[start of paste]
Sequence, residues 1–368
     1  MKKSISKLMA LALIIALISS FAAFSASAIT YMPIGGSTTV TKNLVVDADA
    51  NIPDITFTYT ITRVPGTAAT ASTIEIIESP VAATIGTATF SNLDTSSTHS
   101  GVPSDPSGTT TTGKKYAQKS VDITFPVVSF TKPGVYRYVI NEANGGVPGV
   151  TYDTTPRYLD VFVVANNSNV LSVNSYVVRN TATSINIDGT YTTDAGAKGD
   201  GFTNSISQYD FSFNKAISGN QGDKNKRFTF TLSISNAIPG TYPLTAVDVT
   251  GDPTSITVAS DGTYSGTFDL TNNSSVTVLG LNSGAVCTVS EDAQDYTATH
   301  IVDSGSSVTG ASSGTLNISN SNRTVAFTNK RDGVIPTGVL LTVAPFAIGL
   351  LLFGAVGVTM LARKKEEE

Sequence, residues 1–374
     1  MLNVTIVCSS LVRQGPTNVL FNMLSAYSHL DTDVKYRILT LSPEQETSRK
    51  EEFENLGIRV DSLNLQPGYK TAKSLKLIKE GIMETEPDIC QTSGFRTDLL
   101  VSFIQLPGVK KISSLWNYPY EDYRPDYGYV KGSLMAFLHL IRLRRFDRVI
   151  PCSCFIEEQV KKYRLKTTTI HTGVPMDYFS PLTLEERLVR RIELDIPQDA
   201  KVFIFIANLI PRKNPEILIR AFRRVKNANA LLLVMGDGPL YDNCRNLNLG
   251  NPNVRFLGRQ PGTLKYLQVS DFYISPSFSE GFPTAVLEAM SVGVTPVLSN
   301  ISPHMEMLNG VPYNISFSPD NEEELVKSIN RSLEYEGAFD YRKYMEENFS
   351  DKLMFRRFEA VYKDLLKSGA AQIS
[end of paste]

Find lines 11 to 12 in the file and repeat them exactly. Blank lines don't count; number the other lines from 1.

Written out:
     1  MLNVTIVCSS LVRQGPTNVL FNMLSAYSHL DTDVKYRILT LSPEQETSRK
    51  EEFENLGIRV DSLNLQPGYK TAKSLKLIKE GIMETEPDIC QTSGFRTDLL